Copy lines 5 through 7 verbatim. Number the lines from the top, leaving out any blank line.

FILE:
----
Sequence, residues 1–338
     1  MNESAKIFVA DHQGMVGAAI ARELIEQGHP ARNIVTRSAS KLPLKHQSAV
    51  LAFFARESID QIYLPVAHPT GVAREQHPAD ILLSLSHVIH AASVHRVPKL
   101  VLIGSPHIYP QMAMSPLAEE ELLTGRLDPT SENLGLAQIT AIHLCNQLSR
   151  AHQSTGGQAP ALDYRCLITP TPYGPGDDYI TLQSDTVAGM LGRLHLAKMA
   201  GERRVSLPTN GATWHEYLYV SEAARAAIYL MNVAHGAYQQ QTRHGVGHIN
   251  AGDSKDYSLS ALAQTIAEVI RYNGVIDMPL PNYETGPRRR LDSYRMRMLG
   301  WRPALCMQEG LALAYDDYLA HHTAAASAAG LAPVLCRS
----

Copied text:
   151  AHQSTGGQAP ALDYRCLITP TPYGPGDDYI TLQSDTVAGM LGRLHLAKMA
   201  GERRVSLPTN GATWHEYLYV SEAARAAIYL MNVAHGAYQQ QTRHGVGHIN
   251  AGDSKDYSLS ALAQTIAEVI RYNGVIDMPL PNYETGPRRR LDSYRMRMLG